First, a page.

Eastern Catholic Churches important part of Archdiocese
September 9, 2014
In recent times we have unfortunately heard more about the Christian communities in many of the countries of the Near East because of their threatened or precarious status.
Many Catholics in the United States may have been surprised to learn that Christian communities, many established in apostolic times, have in fact continued to exist in areas whose populations are now largely Muslim.
Further confusing the situation for many American Catholics are the unfamiliar sounding names of some of the communities.
In August, during the weekend in which Pope Francis asked all Catholic to pray for peace in Iraq, some communities used a prayer written by the Chaldean Catholic Patriarch of Iraq.
Many Catholics who joined in this prayer may have wondered who or what in the world the Chaldean Catholic Patriarch is.
The Universal Catholic Communion consists of 23 sui iuris Churches: The Roman Catholic Church and 22 other Churches known collectively as Eastern Catholic Churches.
Each of the 23 Churches has a hierarchy which enjoys a self-governing power that has either been expressly conceded or recognized by the supreme Church authority; these ecclesial groupings are called churches sui iuris (literally, “of their own right”).
They recognize one another as being united in one profession of faith, united under one supreme authority, sharing in one sacramental life, with each being an expression of the one, holy, Catholic and apostolic Church.
In some cases this bond of communion was severed for some time, only to be reestablished at a later date. Membership in the Catholic Church is never “at large”; instead a person is a member of a specific church sui iuris.
Each of the 22 Eastern Catholic Churches observes a rite, i.e., a body of Liturgy, theology, spirituality and discipline, derived from one of the five Eastern traditions: Alexandrian, Antiochene, Armenian, Chaldean and Constantinopolitan.
Within the Catholic Church, the presence, distinction and importance of the Eastern Churches was unfortunately under-recognized for many years, even centuries, by those in the West.
This began to change substantially when, during the Second Vatican Council, the council issued the decree Orientalium Ecclesiarum (Decree on the Eastern Churches) in which it affirmed that it held, “in high esteem the institutions, liturgical rites, ecclesiastical traditions and the established standards of the Christian life of the Eastern Churches” (no. 1) and that it, “solemnly declares that the Churches of the East, as much as those of the West, have a full right and are in duty bound to rule themselves, each in accordance with its own established disciplines, since all these are praiseworthy by reason of their venerable antiquity, more armonious with the character of their faithful and more suited to the promotion of the good of souls” (no. 5).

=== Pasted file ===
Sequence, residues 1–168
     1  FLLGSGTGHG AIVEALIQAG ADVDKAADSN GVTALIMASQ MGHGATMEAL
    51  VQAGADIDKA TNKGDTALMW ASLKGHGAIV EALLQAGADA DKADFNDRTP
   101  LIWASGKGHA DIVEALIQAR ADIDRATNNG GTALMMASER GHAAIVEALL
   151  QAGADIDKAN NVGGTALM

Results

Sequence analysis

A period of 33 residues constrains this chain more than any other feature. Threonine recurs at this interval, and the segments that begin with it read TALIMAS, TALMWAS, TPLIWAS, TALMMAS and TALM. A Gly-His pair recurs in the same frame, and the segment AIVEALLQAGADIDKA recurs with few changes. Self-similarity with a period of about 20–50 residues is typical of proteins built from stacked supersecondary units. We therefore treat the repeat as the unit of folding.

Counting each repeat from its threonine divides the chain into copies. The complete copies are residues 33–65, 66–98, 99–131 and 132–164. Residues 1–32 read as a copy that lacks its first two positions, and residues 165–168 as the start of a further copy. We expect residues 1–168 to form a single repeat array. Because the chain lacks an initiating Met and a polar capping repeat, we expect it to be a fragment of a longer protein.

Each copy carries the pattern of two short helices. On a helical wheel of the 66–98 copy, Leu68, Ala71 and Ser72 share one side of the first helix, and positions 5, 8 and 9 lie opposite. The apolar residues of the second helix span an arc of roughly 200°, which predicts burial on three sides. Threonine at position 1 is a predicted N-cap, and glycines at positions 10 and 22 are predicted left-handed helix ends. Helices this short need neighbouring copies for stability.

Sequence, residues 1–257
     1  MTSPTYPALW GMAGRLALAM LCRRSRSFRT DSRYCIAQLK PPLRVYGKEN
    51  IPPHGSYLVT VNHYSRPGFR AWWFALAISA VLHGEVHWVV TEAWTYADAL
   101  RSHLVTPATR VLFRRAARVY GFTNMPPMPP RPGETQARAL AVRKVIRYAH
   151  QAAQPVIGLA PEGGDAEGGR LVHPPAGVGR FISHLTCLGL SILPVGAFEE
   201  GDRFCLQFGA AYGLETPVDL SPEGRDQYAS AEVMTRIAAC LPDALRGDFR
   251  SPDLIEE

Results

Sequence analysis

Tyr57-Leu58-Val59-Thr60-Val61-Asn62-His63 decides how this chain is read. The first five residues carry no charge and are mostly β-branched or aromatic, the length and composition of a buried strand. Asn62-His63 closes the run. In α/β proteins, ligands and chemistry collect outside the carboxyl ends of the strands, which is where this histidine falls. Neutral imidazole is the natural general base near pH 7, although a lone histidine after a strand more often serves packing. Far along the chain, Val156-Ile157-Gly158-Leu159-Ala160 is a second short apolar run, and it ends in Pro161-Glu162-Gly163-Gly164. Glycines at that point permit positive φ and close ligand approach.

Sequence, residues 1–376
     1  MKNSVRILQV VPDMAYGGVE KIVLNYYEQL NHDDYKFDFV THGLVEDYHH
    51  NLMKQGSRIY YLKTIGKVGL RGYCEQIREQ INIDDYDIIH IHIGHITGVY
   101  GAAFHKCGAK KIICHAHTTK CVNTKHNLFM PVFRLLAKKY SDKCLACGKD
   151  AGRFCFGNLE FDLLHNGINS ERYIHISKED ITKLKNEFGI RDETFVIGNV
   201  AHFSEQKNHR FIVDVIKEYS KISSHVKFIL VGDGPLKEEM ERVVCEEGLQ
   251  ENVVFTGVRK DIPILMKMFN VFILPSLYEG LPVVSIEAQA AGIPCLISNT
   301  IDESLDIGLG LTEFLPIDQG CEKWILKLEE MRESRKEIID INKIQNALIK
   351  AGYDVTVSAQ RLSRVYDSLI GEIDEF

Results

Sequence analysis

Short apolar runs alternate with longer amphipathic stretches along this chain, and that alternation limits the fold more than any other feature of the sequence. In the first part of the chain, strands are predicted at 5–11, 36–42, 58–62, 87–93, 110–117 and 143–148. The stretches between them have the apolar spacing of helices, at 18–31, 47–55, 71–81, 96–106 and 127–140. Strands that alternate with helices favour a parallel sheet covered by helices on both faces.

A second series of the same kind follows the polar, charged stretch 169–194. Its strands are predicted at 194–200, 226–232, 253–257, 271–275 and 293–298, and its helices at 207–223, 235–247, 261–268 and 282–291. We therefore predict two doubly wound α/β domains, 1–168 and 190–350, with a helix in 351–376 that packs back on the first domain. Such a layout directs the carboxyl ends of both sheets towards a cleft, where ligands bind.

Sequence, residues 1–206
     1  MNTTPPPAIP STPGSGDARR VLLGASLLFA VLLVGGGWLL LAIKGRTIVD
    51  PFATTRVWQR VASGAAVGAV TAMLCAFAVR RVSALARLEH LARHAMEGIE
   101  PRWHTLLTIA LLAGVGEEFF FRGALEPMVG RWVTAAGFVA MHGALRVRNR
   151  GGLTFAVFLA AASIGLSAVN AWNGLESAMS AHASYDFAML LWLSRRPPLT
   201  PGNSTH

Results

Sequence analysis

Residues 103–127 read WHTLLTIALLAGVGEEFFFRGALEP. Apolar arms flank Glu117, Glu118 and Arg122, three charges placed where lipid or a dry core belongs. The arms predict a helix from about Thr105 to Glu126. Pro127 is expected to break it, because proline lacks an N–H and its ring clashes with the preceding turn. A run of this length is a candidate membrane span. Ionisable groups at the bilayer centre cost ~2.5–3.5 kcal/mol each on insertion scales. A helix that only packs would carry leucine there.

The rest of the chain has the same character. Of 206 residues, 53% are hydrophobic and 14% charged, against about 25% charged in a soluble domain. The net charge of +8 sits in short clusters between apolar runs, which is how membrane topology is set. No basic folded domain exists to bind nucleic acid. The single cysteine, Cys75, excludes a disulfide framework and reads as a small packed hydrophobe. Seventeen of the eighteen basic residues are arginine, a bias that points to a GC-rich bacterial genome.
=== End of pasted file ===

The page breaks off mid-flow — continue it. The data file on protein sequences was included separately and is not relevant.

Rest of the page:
The establishment of a permanent synod of bishops following the Second Vatican Council for the universal Church was a clear instance of the history and traditions of the Eastern Churches being allowed to influence the direction of the universal Church.
St. John Paul II, during his pontificate, reinforced this message when he spoke on numerous occasions of the need for the Catholic Church to “breathe with both lungs,” i.e., to incorporate within itself the inspiration and genius of both East and West.
The U.S., being like most nations of the western hemisphere, a nation of immigrants, has within itself both Roman Catholics and Catholics of several of the Eastern Catholic Churches.
There are 18 established hierarchies of Eastern Churches in the U.S. (two archeparchies, 15 eparchies and one exarchate) from 10 different Eastern Churches (Byzantine-Ruthenian, Ukrainian, Maronite, Chaldean, Syro-Malabar, Syro-Malankara, Armenian, Melkite, Syriac and Romanian Churches).
Within the Roman Catholic Archdiocese of Galveston-Houston there are a number of parishes and missions of various Eastern Catholic Churches.
These parishes, then, are not Catholic parishes that are not a part of our Archdiocese; rather, they are under the jurisdiction of one of those 18 Eastern circumscriptions.
In Houston, these include a Ukrainian Catholic parish, a Byzantine-Ruthenian Catholic parish and a Maronite parish.
Also, there are two Syro-Malabar Catholic communities in Missouri City (a Malayalam speaking community and a Knanayan community) and a Syro-Malankara community in Stafford.
The Roman Catholics of our Archdiocese are enriched by the presence, witness and collaboration of these our Catholic sisters and brothers.
It is important to remember that these are communities of Catholic Churches with whom we have full communion and therefore all Catholics are welcome not only to attend their Liturgies but to share fully in the Sacraments.
Daniel Cardinal DiNardo, with his own deep love of the Eastern Churches, has made it his practice regularly to visit these local eastern communities and to give visible testimony to our full communion by sharing together with them in the Sacraments.
As we hear news of the situation of Coptic Catholics in Egypt, Syriac, Melkite, Armenian and Maronite Catholics in Syria, and Chaldean Catholics in Iraq we do well to remember the bonds of communion that unite us to them and to pray for them and their safety.